In our final reading from the Book of Genesis, Jacob, nearing the end of his life and, perhaps, feeling somewhat nostalgic, takes some time to give over some "blessings" to his children. "Blessings" is in quotation marks for the simple reason that although that's what he calls them, "blessings" isn't exactly what they are: the terms "assessment" or "critique" would be more apt.
Reuben has been a disappointment, feckless, fickle, and not quite understanding of boundaries between child and father's other wife. Simeon and Levi have been impetuous, violent, and have made his relationship with his machatonim (parents of your child's spouse) moot. But Judah has redeemed himself, shouldering the role of the first born while bringing the family back together in some semblance of completeness, if not harmony.
And the list goes on.
The concept of an ethical will, a statement to one's progeny designed to help guide them through a life to be lived without the benefit of a parent's active counsel, is well-regarded in the Jewish tradition. David gives one in this week's haftarah, advising Solomon on what to do later on, and famous ethical wills have come down to us through the ages - there's an entire page dedicated to them on Wikipedia. Jacob is hoping that his children will learn something, and there's some evidence that they do: both Simeon and Levi are cautioned about their zeolotry, with the former being wiped out by it (the Tribe of Simeon doesn't make it much past the end of Deuteronomy) and the latter being exhalted by virtue of it (the Tribe of Levi answers Moses's call at the Golden Calf to stand up for the Lord). It's a matter of what you do with the guidance you are given.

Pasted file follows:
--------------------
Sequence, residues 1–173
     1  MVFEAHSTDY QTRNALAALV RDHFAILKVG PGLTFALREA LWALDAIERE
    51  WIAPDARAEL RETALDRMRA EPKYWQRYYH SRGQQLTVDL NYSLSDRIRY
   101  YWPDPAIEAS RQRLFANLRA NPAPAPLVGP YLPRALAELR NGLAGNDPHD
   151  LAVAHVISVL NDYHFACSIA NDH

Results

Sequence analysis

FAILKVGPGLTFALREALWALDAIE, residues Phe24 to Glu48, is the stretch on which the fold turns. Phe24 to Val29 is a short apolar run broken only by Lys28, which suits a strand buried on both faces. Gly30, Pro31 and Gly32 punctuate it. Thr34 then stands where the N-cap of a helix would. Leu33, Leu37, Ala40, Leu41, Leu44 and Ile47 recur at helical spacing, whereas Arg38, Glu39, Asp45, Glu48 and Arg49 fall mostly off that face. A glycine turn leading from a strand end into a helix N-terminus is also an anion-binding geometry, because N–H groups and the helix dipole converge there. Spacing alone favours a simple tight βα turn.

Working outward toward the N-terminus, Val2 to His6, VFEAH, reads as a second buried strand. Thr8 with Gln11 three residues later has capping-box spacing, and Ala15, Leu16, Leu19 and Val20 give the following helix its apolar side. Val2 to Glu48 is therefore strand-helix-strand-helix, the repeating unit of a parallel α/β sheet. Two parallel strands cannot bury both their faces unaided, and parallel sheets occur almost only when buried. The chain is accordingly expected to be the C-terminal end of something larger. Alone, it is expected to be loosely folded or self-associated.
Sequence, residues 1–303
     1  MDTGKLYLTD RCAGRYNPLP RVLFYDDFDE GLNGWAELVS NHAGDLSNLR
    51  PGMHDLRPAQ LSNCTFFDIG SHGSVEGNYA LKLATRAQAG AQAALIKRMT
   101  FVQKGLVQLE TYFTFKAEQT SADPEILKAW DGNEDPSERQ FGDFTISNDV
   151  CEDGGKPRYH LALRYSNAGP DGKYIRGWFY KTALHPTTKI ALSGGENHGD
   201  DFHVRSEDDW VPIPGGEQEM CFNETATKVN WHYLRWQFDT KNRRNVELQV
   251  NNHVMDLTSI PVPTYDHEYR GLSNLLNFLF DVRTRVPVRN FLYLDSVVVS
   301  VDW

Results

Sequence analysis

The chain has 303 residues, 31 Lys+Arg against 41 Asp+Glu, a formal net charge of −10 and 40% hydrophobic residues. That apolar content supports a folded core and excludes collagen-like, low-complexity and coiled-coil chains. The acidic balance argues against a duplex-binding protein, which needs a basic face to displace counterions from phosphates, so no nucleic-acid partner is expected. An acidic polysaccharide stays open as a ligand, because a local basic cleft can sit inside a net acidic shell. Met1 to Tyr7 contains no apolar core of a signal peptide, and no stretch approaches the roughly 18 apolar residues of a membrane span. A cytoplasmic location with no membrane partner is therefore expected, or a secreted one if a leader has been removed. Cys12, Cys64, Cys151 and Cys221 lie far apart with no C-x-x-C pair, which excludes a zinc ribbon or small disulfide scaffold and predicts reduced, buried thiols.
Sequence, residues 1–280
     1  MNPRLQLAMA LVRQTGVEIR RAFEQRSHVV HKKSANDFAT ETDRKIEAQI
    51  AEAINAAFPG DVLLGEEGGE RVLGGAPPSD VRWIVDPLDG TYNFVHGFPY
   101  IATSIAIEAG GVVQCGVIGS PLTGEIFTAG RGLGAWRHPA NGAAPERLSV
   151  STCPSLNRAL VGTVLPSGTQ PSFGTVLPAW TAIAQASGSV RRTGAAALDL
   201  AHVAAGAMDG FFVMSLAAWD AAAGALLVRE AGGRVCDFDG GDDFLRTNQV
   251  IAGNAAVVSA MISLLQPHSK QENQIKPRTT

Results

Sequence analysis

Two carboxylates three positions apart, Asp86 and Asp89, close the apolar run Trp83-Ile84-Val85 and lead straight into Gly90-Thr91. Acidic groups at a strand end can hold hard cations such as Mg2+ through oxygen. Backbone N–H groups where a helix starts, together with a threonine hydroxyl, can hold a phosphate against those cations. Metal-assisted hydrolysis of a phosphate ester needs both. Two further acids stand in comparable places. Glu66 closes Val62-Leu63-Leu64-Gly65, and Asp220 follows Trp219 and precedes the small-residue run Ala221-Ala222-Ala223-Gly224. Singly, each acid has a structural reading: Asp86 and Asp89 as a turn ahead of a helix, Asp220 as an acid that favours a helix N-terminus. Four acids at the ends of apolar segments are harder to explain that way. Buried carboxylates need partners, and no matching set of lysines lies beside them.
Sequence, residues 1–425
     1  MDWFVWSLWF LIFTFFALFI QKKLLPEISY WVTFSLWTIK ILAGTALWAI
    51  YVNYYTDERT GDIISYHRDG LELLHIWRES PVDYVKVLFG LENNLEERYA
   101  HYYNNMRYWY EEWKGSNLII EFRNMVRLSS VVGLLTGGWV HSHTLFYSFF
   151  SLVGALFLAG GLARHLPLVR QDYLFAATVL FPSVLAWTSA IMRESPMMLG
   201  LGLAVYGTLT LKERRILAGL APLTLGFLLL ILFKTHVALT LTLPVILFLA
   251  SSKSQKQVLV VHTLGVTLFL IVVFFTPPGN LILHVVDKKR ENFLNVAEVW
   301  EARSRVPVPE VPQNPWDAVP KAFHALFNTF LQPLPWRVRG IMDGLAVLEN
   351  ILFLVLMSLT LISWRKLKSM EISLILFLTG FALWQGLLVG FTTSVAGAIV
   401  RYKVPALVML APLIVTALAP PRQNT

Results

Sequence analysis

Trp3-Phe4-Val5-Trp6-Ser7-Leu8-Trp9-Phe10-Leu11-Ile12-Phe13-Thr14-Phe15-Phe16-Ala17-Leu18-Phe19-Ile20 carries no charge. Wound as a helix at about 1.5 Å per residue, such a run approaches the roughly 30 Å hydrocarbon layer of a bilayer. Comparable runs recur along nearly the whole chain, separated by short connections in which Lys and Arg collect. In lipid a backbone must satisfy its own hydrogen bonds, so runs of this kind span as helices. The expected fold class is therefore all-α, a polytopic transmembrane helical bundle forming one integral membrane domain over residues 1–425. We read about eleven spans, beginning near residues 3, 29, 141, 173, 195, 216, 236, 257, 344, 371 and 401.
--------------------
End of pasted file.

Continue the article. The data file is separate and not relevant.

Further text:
We all seem to have a bit more time on our hands due to the stay-at-home orders, so here's a suggestion: ask yourself what really matters to you in life. Ponder what advice you wished you had received, and what advice you might want to give to others. And then write it out. At the least you can review it from time to time to track your thoughts on the matter; at best, it will be words that your children and grandchildren will come to treasure in days to come.